Twinge Of Culpability

Welcome to Digitally Literate, issue #380.

I worked on the following this week:

The Disappearing Computer: An Exclusive Preview of Humane’s Screenless Tech | Imran Chaudhri

Several months ago, former Apple designer and Humane cofounder Imran Chaudhri gave this TED Talk in which he envisioned a future where AI enables our devices to “disappear.”

Good news! You can now order the AI Pin in the United States starting Nov. 16 for $699 for the entire system, along with a monthly subscription of $24 per month, which includes a cell phone number for the pin and cell services.

Seeing Like An Algorithm

Fei-Fei Li, a key figure in artificial intelligence, has written a book called “The Worlds I See” that combines her personal journey as an immigrant with her contributions to the field of AI. She discusses her work on the ImageNet project, which classified millions of digital images and paved the way for advancements in AI. Li also addresses the issue of bias in AI algorithms and the need for diversity and inclusivity in the field. She advocates for increased funding for AI research in academia and government to ensure future breakthroughs.

Why this matters: Fei-Fei Li, a prominent figure in AI, believes that AI will transform society and people’s lives, but only if fundamental changes are made to how AI is engineered and who engineers it. Therefore, making AI more responsible and ethical is crucial to ensure positive outcomes for society.

Seeking Accountability

Last week, the White House issued its long-awaited executive order on artificial intelligence. The order outlines the Biden administrations understanding of the scale of AI’s risks and its demonstrated harms to people’s rights, opportunities, and access. The executive order draws heavily from the Blueprint for an AI Bill of Rights and made clearer by guidance from the Office of Management and Budget (OMB).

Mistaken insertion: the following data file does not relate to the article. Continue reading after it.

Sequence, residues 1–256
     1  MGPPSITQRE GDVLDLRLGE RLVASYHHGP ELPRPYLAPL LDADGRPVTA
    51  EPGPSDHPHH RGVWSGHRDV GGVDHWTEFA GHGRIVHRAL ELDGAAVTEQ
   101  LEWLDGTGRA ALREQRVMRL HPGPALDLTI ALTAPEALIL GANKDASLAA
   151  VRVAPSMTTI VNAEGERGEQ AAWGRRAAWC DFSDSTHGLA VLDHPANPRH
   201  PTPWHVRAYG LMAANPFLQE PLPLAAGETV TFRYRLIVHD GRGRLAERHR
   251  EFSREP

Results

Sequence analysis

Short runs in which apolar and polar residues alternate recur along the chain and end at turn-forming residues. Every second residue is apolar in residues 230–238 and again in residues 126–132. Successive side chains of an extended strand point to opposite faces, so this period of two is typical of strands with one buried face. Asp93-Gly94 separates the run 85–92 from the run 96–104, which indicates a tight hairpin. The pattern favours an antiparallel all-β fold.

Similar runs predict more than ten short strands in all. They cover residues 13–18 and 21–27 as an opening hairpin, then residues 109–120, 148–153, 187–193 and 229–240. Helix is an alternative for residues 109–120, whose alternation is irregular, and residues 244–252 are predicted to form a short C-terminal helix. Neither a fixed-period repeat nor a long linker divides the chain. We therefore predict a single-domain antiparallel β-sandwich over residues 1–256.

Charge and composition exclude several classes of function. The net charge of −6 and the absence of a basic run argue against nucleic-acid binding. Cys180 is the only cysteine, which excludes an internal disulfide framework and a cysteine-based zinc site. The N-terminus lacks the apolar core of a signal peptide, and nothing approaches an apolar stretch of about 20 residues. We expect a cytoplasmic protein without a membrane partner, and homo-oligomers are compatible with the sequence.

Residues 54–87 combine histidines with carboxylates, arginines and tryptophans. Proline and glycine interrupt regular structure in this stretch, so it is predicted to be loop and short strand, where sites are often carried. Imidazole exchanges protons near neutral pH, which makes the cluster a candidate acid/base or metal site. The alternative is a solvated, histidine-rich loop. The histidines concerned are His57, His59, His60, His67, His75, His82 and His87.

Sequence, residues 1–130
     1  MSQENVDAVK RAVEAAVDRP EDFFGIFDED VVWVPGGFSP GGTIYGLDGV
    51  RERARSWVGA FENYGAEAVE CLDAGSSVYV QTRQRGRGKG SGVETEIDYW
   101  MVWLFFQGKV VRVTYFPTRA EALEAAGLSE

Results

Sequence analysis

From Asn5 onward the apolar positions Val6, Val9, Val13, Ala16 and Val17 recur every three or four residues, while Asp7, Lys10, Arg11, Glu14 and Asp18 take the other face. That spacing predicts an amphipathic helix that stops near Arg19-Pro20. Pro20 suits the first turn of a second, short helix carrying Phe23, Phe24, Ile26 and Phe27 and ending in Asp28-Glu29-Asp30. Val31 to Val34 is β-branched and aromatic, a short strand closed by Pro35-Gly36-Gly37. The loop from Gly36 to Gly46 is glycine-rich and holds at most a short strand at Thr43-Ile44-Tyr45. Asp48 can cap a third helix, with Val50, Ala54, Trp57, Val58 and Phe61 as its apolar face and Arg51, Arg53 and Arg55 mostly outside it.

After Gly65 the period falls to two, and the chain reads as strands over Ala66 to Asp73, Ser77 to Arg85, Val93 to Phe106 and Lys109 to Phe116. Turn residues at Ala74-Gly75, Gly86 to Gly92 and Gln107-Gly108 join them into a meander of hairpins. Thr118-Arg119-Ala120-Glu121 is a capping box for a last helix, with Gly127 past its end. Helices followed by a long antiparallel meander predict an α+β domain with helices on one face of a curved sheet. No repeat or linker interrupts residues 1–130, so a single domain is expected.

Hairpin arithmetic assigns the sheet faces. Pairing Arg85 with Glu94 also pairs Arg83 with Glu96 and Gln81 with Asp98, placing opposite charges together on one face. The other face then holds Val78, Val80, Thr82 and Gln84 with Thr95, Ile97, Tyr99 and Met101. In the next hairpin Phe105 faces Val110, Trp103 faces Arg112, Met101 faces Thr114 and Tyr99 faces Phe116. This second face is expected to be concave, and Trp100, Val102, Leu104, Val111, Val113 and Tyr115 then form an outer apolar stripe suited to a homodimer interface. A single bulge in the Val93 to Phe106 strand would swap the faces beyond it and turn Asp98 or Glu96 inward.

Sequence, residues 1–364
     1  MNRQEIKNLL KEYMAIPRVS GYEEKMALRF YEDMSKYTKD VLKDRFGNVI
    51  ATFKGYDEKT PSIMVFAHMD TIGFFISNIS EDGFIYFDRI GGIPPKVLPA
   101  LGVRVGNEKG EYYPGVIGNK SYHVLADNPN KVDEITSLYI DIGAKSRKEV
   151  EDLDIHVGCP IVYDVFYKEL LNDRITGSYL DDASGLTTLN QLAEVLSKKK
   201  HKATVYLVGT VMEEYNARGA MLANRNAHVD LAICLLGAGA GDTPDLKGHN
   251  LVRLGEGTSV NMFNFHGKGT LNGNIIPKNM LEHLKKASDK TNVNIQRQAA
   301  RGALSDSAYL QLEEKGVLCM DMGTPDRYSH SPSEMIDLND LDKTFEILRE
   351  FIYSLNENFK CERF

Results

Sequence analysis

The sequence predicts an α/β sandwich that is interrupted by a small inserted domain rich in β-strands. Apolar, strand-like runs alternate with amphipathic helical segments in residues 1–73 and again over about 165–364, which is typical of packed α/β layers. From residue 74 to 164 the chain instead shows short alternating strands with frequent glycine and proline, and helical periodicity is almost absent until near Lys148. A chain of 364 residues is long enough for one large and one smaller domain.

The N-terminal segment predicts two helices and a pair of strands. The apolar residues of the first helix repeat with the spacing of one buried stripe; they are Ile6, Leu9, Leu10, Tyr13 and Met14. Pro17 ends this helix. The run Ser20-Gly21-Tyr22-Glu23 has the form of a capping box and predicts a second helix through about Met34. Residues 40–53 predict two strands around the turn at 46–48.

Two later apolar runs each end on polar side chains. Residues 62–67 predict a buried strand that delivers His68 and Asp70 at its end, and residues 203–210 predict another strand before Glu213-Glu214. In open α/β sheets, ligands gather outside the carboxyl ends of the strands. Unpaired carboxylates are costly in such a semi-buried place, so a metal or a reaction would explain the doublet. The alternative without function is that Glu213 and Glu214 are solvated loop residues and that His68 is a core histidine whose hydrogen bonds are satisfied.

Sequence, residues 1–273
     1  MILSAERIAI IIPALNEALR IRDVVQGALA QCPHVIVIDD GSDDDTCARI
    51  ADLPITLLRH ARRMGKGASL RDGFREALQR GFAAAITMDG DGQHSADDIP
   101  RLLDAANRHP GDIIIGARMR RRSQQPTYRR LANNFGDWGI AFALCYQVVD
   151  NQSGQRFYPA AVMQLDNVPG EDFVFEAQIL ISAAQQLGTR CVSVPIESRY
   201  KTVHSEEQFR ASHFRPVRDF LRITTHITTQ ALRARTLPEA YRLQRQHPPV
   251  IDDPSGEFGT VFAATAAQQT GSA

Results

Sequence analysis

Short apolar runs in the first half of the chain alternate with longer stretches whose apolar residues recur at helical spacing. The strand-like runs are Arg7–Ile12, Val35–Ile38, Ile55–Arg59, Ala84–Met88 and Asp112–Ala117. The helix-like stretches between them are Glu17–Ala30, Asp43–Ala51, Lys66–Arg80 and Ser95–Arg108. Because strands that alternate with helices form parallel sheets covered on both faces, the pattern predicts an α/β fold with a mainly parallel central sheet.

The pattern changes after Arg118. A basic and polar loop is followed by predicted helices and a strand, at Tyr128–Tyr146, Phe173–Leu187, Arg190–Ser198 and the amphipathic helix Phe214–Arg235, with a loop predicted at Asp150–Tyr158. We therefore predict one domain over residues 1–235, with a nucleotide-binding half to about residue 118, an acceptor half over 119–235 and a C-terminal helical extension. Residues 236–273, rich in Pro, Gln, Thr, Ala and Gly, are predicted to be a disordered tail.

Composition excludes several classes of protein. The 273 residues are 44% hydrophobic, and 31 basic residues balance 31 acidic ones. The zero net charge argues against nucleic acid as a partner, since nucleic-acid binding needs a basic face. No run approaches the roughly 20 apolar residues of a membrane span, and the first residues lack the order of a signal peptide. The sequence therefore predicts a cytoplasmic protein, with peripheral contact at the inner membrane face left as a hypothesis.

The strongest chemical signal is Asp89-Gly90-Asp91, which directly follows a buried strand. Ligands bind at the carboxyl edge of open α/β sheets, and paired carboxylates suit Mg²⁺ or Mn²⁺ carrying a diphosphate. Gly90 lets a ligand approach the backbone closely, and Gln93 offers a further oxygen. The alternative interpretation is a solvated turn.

Taken together, the documents emphasize the need to protect people from the wide range of AI risks that already exist, and the need for public interest regulation.

Why this matters: The executive order is a positive step for the administration, even though there is still more work to be done to achieve its goals. Implementing the order’s orders and addressing the necessity of moving people and resources swiftly in order to accomplish an ambitious plan on a short schedule will be crucial going forward.

Handling Weaponized Content

Small platforms without resources to handle takedown requests have been weaponized by terrorist groups that share their content online. A new tool called Altitude, developed by Google subsidiary Jigsaw in collaboration with Tech Against Terrorism, aims to help smaller online platforms detect and remove terrorist content more easily.

Why this matters: Tools like this aim to improve the quality of content moderation and support the rule of law while preventing the spread of terrorist propaganda.

A Cesspit of Disinformation

Mike Caulfield discusses how social-media researchers overemphasized the platform now called X for years. But now, as it rapidly changes into something new and frightening, we risk paying too little attention.

Why this matters: Although many of the warning lights that we once used to identify emerging misinformation are now out of service, the ones that remain are flashing red.

Digital Rabbit Holes

Tobias Rose-Stockwell discusses the impact of digital technology on our attention and how tech companies are using apps, news feeds, and notifications to capture our attention and turn it into advertising dollars. Rose-Stockwell describes how this addiction to digital devices and social media has changed the way we consume information and how it has affected our ability to focus.

Why this matters: These new tools are fracturing our ability to make sense, cohere, and cooperate around the deepest challenges facing our species.

Critically Engage With New Information

The THIEVES reading technique is designed to get you thinking critically while you read.

THIEVES is just an acronym for the following elements of your content:

  • Title
  • Headings
  • Introduction
  • Every first sentence in a paragraph
  • Visuals and vocabulary
  • End-of-chapter questions
  • Summary

When you invent the ship, you also invent the shipwreck; when you invent the plane you also invent the plane crash; and when you invent electricity, you invent electrocution.

Paul Virilio

Cover Photo CC BY using Playground AI

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